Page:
Through the VisitScotland Growth Fund, the Scottish Country Sports Tourism Group (SCSTG) has teamed up with the Scottish Land & Estates' Moorland Group and sporting lets agent CKD Galbraith to highlight the importance of rural tourism pursuits, such as shooting, fishing and stalking. The income these generate supports remote communities and year-round management of grouse moors directly benefits rare wildlife by protecting a unique habitat.
VisitScotland Chairman Mike Cantlay said, "The Glorious Twelfth is a renowned date and marks the start of what will undoubtedly be a good season for this important tourism sector. Through the VisitScotland Growth Fund, the SCSTG has boosted Scotland's reputation as a country sports destination to a wider audience in the UK and Northern Europe.
"Country sports operate year-round and therefore provide a valuable extension to the season for accommodation providers, restaurants, retail outlets and other activity providers and attractions.
"The Glorious Twelfth provides Scotland with a great opportunity to showcase our country sports credentials to wealthy visitors from around the world ahead of 2014, which marks an incredible year for Scotland through major events such as the Ryder Cup, Commonwealth Games and Homecoming. Our ability to host such a diverse range of events and activities ensure that Scotland continues to have something for every visitor."
A number of successful marketing activities have taken place including a new website - countrysportscotland.com - exhibiting at international exhibitions and the CLA Game Fair in the south of England.
The estimated overall value of all types of shooting, stalking and fishing to the Scottish economy is in the region of 350million per year. Grouse shooting contributes around 10% of that figure, much of which is recycled back into protecting beautiful Scottish moorland for tourists to enjoy all year round.
As red grouse and deer are not artificially reared, external factors including the weather and predators have a huge impact on the success of a sporting season. This year's dry summer will mean healthier game stocks which translate to a bigger boost for country sports enterprises.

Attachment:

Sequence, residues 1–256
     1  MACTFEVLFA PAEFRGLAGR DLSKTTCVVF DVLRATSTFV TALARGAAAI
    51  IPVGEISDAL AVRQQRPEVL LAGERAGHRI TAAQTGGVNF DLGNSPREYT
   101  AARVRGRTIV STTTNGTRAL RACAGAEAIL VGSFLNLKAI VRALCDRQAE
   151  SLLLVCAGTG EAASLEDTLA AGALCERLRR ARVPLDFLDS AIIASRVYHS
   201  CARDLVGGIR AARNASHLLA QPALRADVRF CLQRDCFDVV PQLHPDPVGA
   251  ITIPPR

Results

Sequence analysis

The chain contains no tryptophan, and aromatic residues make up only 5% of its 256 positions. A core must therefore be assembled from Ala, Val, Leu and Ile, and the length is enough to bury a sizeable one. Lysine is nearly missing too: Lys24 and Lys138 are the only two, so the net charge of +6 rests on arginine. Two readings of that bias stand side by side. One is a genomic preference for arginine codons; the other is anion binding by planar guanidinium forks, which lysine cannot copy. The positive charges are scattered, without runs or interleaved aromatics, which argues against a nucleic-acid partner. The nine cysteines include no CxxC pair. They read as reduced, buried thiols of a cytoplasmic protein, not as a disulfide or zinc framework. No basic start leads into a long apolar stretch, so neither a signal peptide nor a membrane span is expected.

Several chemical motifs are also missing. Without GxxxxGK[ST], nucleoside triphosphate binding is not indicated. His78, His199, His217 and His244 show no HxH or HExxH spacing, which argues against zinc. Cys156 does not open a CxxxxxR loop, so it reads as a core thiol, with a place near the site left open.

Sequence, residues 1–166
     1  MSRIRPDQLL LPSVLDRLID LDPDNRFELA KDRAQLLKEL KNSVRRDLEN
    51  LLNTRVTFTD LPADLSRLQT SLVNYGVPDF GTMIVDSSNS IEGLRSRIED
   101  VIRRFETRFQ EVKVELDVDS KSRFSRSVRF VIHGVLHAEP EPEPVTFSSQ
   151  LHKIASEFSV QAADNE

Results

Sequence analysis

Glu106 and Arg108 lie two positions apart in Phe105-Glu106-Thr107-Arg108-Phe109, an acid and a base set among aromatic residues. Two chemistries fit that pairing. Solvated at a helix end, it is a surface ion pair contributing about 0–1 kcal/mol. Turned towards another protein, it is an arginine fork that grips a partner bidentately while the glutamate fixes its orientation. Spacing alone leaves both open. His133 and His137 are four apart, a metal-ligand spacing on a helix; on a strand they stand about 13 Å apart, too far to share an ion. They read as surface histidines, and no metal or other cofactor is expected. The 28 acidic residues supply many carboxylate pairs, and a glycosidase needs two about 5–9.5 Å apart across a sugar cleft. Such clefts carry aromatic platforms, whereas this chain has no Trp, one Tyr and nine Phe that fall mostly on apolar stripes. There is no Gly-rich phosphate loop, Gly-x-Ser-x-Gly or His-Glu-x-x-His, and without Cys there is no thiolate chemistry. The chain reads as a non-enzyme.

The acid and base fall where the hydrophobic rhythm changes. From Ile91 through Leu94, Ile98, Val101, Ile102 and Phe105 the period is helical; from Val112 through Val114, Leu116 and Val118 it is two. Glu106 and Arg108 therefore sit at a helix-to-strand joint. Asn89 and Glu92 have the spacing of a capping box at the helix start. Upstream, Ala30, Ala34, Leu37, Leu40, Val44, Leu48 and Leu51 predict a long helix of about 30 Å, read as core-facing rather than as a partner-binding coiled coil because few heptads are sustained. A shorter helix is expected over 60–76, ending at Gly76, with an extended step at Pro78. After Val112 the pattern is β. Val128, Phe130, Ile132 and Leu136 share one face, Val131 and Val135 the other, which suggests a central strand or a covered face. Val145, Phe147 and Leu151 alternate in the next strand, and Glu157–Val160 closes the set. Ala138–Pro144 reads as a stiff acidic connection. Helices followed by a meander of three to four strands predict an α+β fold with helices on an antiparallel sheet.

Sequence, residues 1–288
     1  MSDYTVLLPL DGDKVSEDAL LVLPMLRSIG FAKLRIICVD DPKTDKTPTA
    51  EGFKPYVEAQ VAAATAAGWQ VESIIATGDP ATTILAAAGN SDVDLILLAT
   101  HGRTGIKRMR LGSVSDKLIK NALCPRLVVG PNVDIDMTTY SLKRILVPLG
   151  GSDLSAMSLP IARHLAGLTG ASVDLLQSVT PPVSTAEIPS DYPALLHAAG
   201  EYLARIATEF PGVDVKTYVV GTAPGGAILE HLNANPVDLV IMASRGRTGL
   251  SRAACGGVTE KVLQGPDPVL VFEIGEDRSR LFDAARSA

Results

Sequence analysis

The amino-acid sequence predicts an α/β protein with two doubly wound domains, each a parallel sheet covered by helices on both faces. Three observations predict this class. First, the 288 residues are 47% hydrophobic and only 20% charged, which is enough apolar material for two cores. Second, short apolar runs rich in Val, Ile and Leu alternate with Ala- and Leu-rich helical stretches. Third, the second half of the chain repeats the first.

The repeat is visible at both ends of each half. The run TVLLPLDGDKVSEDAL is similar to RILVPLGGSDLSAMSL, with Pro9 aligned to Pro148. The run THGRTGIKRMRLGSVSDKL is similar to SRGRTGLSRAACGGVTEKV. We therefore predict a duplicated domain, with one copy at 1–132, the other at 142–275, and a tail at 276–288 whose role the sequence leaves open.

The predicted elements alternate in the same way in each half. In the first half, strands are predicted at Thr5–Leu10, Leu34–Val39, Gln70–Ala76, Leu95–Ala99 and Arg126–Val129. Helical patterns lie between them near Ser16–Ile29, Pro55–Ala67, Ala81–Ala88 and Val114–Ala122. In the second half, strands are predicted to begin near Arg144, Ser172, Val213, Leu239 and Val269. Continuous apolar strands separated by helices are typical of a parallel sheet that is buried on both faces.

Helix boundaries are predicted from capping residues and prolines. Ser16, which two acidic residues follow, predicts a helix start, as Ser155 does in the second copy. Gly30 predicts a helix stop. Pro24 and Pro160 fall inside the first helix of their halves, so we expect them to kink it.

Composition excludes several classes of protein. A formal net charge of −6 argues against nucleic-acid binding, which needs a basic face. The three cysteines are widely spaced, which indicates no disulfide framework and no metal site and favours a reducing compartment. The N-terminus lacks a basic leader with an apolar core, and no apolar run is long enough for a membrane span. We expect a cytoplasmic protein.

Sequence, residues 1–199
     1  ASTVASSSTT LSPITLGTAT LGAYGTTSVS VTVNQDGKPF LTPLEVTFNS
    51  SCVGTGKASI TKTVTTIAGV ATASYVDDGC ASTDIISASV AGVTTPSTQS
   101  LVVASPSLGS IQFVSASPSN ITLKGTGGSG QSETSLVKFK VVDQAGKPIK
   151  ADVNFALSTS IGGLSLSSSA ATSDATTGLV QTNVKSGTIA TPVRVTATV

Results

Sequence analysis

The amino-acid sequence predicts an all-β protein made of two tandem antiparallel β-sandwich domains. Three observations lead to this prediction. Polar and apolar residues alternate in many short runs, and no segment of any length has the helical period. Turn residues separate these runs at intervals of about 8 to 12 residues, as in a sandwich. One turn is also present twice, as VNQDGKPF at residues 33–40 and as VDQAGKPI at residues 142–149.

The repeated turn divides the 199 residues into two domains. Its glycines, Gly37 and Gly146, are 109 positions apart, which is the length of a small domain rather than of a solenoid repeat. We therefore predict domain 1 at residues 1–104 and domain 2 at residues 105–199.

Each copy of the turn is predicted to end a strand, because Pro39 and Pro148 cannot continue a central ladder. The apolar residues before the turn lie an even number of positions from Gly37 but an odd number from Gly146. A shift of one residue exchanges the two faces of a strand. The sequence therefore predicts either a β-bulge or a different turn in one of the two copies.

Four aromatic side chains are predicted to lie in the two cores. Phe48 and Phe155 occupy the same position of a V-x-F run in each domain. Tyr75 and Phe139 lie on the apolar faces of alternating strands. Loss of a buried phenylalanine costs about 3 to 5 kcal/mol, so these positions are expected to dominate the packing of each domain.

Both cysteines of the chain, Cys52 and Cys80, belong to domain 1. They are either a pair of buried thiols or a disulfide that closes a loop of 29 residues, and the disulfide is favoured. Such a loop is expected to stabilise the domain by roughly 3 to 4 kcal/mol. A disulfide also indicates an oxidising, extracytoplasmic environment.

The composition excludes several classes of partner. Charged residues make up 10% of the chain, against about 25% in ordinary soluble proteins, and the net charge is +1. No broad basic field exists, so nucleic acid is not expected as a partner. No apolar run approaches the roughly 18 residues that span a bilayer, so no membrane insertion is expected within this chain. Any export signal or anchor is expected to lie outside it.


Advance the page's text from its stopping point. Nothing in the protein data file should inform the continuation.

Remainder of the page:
Robert Rattray from our rural property and sporting let department gave his thoughts on this year's grouse forecast:
"Although Scotland endured a cold and long winter, in recent weeks this has made way for sunshine and almost unprecedented warm weather. Careful assessment of grouse stocks is revealing potential for one of the best seasons for many years, with some unusually large broods being seen. A late start to the breeding season means that shooting will extend through to September and October in many places.
"Grouse shooting on average generates around 30million for the Scottish economy but I would imagine figures this year will be much higher, with all the knock on benefits of seasonal employment in local communities."
Victoria Brooks, Project Coordinator at the SCSTG, said: "After last year's disappointing country sports season, caused mainly by the poor weather, the strong outlook for grouse shooting this year is all the more welcome. Grouse shooting season is followed by open season on wildfowling, partridge and pheasant shooting which extend until the end of January.
"We have had enquiries and bookings from people all over the world via the countrysportscotland.com website who will spend the hunting season on the moorlands of Scotland and in doing so generate huge income, support numerous jobs and help our indigenous wildlife and their habitats survive."
Tim Baynes of the Scottish Land & Estates Moorland Group added: "Country sports tourism is changing all the time to improve the customer experience, develop sporting opportunities and raise awareness of Scotland as a leading sporting destination. The role of country sports as a rural employer and custodian of areas of conservation interest cannot be overstated.
"Many may not appreciate the conservation aspect of moorland management, but the activity required to enable successful grouse shooting careful rotational burning of the heather, control of problem predators and careful integration with existing farming practices all enable practical conservation of rare bird populations such as waders at minimal cost to the taxpayer."